I was very wide of the mark with my previous post so now, with some more time to write and a couple of hours mulling over the implications of the reshuffle, here are my thoughts.
First of all Mandelson from the UK point of view. He’s probably respected and loathed in equal measure in the Labour Party. I’ve always been rather a fan. Yes, he’s tricky and divisive, but he’s also clever and efficient, and he stands for something. His experience on trade issues could be handy. But does Brown gain or lose more than if he brought one of the other ‘big beasts’ such as Charles Clarke back into Cabinet? Mandelson has more decorum than Clarke, but the Brown-Mandelson relationship has been thorny in the past. William Hague said: “With this bizarre reshuffle the prime minister has achieved the impossible and made the government even more dysfunctional” – let’s hope he’s not right.
Then there’s Mandelson’s job – BERR Minister, but energy policy from BERR will move to a new climate change and energy department headed up by Ed Miliband (who is for sure due a promotion). So Mandelson will not have as much of a job as his predecessor Hutton. The idea for the new department is OK, although putting some further issues together in a Ministry of Sustainability (as Persson’s government did in Sweden) would be a good idea.
Mandy will be a member of the House of Lords, so can’t face PQs in the Commons. It’s possible for this to happen, but is it good to have such a senior job filled by someone from the other place?
Then to the Brussels implications. I am willing to be persuaded of the value of appointing Baroness Ashton. Other than knowing she was Leader of the House of Lords I know nothing else about her, and her Labour and Wikipedia pages are rather brief. There’s nothing there to give any impression of how she would be as a Commissioner. Plus replacing someone controversial but at least high profile with someone almost totally unknown is not exactly going to improve the standing of the European Commission in the eyes of the British population. It of course makes sense – Ashton leaving does not prompt a by-election.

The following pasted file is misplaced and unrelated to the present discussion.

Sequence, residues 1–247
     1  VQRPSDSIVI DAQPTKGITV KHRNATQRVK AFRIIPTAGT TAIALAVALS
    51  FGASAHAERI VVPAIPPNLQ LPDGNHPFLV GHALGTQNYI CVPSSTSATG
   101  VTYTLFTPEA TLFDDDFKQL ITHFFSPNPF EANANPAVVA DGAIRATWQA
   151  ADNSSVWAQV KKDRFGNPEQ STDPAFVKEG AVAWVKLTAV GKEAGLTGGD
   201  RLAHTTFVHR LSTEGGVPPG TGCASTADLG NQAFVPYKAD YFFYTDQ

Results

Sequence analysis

Mandelson was playing an important role in WTO negotiations, and Ashton will not be able to replicate Mandelson’s network of contacts, even if she has the opportunity to do so. For I can imagine that the French government is already on the phone to Barroso making sure someone else gets the Trade portfolio and Ashton gets allocated Multilingualism or something similar. Plus the European Parliament has to rubber stamp her nomination – should be OK, but not a formality.
Overall a day of interesting developments!
Cathy Ashton is unknown. Her appointment to one of the most important jobs in the European Commission, which negotiates all external trade matters for a Union of 490 million inhabitants, is motivated solely by the wish to avoid a by-election. Yet sending an experienced MEP such as Glenys Kinnock would also have avoided a by-election, while attracting positive publicity and applause from the European Parliament. Lastly, Ashton cannot resign from the Lords and is therefore debarred from membership of the Commission, unless some way round that can be found.
Jon – MOJ background. Respected in UK Council Pres of 05, I’m told, for really getting into it and doing what a Minister should in a Presidency in terms of networking, building coalitions etc. Jobwise, it’s up to Barroso to decide what happens next.
A Ministry of Sustainability would be responsible for battery recycling and the like… but do batteries come under energy? Or environment? 🙂
@Ben – and is she going to be any good as a Commissioner? Any clue?
Ashton just happened to chair the EPLP Britain in Europe Question Time breakfast event on the Monday of conference, with Miliband, Titley, Corbett and Czech MP Lubomir Zaoralek.